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Ageing Res Rev. 2006 Aug;5(3):281-309. Epub 2006 Aug 14.

Plasticity of neuroendocrine-thymus interactions during ontogeny and ageing: role of zinc and arginine.

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  • 1Immunology Ctr. (Section: Nutrition, Immunity and Ageing), Res. Department INRCA, Via Birarelli 8, 60121 Ancona, Italy.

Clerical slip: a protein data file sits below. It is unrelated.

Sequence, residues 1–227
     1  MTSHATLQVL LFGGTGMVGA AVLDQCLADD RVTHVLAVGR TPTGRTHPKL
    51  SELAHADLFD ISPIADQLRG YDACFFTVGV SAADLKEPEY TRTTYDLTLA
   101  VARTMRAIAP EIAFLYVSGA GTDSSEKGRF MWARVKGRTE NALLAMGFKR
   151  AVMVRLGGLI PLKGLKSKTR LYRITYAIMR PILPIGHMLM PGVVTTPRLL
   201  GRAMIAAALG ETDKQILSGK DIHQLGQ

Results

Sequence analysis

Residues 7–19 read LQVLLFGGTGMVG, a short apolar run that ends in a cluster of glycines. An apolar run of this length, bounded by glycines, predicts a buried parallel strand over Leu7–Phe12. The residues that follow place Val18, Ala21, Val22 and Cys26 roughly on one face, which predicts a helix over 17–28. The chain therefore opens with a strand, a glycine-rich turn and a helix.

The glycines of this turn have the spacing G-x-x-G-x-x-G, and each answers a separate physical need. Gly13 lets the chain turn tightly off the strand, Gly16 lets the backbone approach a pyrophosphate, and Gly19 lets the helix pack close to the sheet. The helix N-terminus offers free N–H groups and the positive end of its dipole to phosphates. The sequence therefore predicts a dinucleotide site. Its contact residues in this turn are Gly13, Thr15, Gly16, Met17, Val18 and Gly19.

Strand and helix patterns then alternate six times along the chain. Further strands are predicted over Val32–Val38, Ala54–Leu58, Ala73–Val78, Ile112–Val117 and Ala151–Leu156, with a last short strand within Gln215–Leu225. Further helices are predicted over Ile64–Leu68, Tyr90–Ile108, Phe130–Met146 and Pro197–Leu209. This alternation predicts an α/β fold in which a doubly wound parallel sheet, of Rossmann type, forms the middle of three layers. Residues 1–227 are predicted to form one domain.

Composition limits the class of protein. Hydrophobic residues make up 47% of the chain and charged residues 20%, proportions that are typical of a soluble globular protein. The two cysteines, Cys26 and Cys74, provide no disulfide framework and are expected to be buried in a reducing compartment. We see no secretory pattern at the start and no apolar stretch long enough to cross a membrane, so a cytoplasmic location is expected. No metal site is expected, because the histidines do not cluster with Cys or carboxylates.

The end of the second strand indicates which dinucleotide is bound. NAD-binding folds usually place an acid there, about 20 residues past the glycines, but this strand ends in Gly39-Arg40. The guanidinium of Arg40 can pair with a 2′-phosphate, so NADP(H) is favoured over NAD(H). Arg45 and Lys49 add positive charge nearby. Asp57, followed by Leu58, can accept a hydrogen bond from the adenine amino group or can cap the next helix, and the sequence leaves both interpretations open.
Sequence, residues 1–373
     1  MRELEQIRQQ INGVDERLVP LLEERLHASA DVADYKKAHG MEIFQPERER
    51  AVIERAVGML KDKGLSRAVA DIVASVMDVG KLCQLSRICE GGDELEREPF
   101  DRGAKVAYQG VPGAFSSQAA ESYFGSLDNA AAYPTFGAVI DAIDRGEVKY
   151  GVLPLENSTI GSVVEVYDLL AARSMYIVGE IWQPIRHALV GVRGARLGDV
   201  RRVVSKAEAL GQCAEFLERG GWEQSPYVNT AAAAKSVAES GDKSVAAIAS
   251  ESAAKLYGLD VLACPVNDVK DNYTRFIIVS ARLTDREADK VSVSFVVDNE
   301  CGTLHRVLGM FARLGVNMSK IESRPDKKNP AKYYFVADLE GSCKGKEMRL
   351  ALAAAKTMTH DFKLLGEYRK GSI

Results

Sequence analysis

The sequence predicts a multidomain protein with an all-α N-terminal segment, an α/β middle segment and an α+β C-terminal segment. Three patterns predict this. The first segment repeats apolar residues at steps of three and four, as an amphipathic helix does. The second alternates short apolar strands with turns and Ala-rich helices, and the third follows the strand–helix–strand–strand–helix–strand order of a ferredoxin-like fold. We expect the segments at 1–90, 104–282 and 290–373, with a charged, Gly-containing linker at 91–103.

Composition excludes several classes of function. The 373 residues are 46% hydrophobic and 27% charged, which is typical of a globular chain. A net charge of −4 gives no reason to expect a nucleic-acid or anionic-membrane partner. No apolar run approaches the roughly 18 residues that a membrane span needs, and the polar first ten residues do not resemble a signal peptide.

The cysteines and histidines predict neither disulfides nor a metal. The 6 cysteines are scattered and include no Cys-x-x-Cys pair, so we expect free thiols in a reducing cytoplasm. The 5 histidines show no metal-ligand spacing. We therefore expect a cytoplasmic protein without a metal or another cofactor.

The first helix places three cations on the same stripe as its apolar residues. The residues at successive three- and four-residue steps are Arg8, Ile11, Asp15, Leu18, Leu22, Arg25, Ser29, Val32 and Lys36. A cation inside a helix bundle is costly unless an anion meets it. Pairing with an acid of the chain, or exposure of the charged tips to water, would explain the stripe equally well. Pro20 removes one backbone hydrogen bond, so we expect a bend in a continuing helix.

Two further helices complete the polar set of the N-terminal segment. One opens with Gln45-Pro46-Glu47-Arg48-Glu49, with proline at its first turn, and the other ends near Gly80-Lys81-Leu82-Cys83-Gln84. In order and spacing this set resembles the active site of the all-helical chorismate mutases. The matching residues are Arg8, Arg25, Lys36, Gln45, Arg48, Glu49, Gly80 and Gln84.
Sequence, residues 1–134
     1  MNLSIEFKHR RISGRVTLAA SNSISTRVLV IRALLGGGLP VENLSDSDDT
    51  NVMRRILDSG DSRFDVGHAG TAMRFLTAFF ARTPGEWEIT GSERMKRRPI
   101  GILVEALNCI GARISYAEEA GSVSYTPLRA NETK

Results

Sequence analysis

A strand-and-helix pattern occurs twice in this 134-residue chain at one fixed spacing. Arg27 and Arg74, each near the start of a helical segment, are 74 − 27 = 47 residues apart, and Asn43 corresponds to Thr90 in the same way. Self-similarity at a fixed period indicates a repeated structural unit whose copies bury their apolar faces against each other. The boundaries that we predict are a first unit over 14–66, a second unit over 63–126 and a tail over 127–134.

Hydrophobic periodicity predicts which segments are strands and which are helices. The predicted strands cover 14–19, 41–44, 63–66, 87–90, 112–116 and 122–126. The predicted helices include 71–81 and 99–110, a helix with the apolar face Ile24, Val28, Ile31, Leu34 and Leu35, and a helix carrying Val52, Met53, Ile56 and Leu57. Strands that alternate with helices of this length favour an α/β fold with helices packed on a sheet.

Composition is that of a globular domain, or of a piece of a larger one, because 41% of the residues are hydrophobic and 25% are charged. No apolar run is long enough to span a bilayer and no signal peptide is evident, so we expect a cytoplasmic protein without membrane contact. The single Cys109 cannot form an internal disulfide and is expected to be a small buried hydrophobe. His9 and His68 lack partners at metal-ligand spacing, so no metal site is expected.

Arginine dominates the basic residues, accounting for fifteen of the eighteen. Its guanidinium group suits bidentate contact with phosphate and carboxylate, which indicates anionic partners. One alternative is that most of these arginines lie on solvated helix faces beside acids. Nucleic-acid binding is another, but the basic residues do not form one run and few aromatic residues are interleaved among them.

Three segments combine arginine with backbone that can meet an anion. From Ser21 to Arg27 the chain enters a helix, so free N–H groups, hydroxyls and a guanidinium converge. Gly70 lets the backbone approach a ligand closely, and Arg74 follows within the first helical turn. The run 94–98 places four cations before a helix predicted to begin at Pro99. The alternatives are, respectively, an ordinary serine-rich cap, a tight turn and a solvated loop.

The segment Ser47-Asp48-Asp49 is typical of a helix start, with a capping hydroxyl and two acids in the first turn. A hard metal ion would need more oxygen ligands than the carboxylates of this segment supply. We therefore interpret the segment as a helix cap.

Thymic re-growth and reactivation of thymic functions may be achieved in old animals by different endocrinological or nutritional manipulations such as, (a) treatment with melatonin, (b) implantation of a growth hormone (GH) secreting tumour cell line (GH3 cells) or treatment with exogenous GH, (c) castration or treatment with exogenous luteinizing hormone-releasing hormone (LHRH), (d) treatment with exogenous thyroxin or triiodothyronine, and (e) nutritional interventions such as arginine or zinc supplementation. These data strongly suggest that thymic involution is a phenomenon secondary to age-related alterations in neuroendocrine-thymus interactions and that it is the disruption of these interactions in old age that is responsible for age-associated immune-neuroendocrine dysfunctions. The targets involved in hormones-induced thymic reconstitution may directly or indirectly involve hormone receptors, cytokines, arginine, and a trace element such as zinc, which is pivotal for the efficiency of neuroendocrine-immune network during the whole life of an organism. The effect of GH, thyroid hormones, and LHRH may be due to specific hormone receptors on thymocytes and on thymic epithelial cells (TECs), which synthesize thymic peptides. Melatonin may also act through specific receptors on T-cells. In this context, the role of zinc, which turnover is reduced in old age, is pivotal because of its involvement through zinc fingers in the gene expression of hormone receptors. In addition, the effects of zinc are multifaceted: from the reactivation of zinc-dependent enzymes, to cell proliferation and apoptosis, to cytokines expression and to the reactivation of thymulin, which is a zinc-dependent thymic hormone required for intrathymic T-cell differentiation and maturation as well as for the homing of stem cells into the thymus. Zinc is also required for arginine action, via NO pathway. The role of zinc is therefore crucial in neuroendocrine-thymus interactions. According to data in animals and humans, the above reported endocrinological manipulations (GH, thyroid hormones, and melatonin) or arginine treatment may also act via zinc pool in restoring thymic activity in ageing allowing improvements on peripheral immune efficiency.

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